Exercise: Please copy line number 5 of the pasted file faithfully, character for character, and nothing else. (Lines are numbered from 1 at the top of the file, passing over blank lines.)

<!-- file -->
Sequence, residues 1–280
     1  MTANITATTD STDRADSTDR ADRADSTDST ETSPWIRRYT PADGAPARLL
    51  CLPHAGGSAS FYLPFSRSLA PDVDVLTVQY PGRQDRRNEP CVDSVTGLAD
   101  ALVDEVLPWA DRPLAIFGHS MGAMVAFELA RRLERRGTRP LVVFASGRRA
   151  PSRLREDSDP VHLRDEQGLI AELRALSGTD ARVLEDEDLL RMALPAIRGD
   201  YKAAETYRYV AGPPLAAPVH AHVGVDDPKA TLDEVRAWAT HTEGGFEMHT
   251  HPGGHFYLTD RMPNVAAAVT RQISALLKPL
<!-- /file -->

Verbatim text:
   151  PSRLREDSDP VHLRDEQGLI AELRALSGTD ARVLEDEDLL RMALPAIRGD